A flash fire broke out where workers were repairing the damaged tracks caused by the train derailment that occurred earlier this week. A firefighter reported that the workers were using a cutting torch when “the arc flashed” and caused a spark that ignited butadiene vapors from one of the cars. Five workers were injured, but two suffered only minor injuries. The other three sustained severe second and third degree burns, leaving one in very critical condition, another in critical condition and the third in serious condition.

An evacuation was ordered for all those living within 1.2 miles of the fire. A “code red alert” was also issued to anyone within a 5 mile radius of the fire. This means that they were asked to stay inside their homes and businesses, close all windows and keep pets inside.

The fire is under control but is still burning as of this morning. Officials stated that the fire must burn itself out because putting water on the vapors could be dangerous and toxic to surrounding soil.

On September 12, 2012, an apartment fire at the Churchill Park Apartments located at 7218 Hill Park Way sent three to the hospital, including a Louisville Metro police officer and a one-month old baby. A resident of the apartment complex, JoAnn Simpson, said she heard a loud boom just before the fire broke out in a first-floor apartment.

Simpson and her husband were trapped inside their apartment until they were rescued by another resident, Tyler Dixon, and his friend, Eric Durbin. Durbin also hopped a fence to get a ladder to rescue another resident from her second-floor apartment.

The Louisville Metro police officer was the first to arrive on scene and suffered smoke inhalation while trying to warn residents of the apartment complex. The officer was transported to Baptist Hospital East, but his condition was not immediately known. The McMahan fire department was the lead agency fighting the fire and was assisted by firefighters from St. Matthews, Jeffersontown and Lyndon.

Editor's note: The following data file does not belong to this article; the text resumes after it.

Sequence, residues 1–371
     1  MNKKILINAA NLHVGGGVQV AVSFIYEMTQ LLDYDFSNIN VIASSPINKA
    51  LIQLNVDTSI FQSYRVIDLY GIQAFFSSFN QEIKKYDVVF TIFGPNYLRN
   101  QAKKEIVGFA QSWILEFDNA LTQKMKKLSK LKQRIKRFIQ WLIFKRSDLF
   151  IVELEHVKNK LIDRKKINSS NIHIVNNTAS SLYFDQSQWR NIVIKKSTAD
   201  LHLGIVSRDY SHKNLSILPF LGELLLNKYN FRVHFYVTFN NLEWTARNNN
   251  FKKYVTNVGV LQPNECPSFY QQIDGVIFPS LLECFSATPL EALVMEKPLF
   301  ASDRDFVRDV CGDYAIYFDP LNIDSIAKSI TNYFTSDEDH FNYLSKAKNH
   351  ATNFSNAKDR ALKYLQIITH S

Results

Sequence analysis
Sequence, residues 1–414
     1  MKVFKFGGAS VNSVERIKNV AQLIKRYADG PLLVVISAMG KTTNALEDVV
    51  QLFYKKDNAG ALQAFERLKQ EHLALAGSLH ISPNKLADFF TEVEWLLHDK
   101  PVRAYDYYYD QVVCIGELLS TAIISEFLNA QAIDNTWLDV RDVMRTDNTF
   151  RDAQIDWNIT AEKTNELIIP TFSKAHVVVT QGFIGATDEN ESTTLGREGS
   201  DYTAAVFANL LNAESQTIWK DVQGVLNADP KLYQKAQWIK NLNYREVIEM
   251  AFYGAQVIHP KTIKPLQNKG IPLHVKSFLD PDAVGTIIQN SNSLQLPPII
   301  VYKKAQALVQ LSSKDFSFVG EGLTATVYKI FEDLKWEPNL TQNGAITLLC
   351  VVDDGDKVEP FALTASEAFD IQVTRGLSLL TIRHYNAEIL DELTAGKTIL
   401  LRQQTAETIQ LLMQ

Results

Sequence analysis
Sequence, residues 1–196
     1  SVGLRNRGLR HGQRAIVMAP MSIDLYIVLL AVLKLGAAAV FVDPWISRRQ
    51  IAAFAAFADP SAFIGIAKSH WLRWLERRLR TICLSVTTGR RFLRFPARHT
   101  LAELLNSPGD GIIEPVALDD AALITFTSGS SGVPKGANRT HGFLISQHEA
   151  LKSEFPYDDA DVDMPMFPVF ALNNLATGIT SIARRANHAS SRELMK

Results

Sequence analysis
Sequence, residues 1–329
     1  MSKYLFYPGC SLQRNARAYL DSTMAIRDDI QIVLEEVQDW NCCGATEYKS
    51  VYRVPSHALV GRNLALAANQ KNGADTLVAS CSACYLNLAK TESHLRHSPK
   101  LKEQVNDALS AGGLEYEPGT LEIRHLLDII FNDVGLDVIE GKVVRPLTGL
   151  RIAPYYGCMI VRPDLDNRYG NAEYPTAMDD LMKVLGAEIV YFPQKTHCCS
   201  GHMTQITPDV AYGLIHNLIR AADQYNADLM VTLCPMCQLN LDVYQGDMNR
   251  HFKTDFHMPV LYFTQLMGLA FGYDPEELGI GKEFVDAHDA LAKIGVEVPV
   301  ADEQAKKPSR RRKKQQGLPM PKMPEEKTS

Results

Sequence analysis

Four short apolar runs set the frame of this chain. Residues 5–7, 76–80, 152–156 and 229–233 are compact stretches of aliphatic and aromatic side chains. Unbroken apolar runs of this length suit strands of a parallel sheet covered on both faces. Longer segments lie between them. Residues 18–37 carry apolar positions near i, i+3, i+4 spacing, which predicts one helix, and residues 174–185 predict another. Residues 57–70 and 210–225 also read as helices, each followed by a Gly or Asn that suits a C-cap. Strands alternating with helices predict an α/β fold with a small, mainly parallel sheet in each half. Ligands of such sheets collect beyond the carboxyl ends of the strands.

The United States Consumer Product Safety Commission (“CPSC”) has issued numerous recalls for heaters that are used in the home. As we enter colder weather and start using these devices to heat our homes, consumers should be up-to-date and aware of any potential hazards that a recalled heater might pose.

A list of the the heaters, with model numbers and pictures, are listed at the CPSC’s website here. Many of the heaters have been recalled in years past, but it is important to double-check the list if you use a similar product in your home. Many of the recalled models pose electrical and fire hazards so be sure to check and make sure your family is safe this winter.

Two people were killed Sunday by an apartment fire in the Portland neighborhood. The fire occurred on the 300 block of North 24th Street. Two dozen firefighters responded to the blaze and had it under control in about ten minutes. However, the firefighters found two persons dead inside the apartment. Reports indicate that the ceiling had collapsed in on the victims.

The bodies of two dead people have been found in a single story apartment in the Portland neighborhood of Louisville earlier this evening. The fire happened on the 300 block of North 24th street at about 6:25 p.m. Neighbors report that an elderly couple lived in the apartment, but the identities of the two bodies are not yet known. However, a neighbor who bravely attempted to enter the apartment and search for anyone inside told police that he had seen the elderly gentleman who lived in the apartment return home about ten minutes before the fire started. Leonard apparently risked his own life in an attempt to get into the building and saw what appeared to be a man burning on the floor, but was unable to save him.

Apartment fires, whether they are in single story units or massive, multi-story complexes often involve similar legal issues. This seems to be a sad outcome as it is usually easier for residents of one and even two story complexes to get to safety when compared to apartments with many more stories. However, every fire behaves differently and the size of the structure is only one of many factors to consider in determining the cause and preventability of fire deaths. To find out more about the legal issues involved in apartment complex fires see our earlier posts here, here and here. Attorney Brian D. Cook at Bahe Cook Canltey & Jones PLC would be happy to answer any questions you might have about the legal aspects of apartment fires.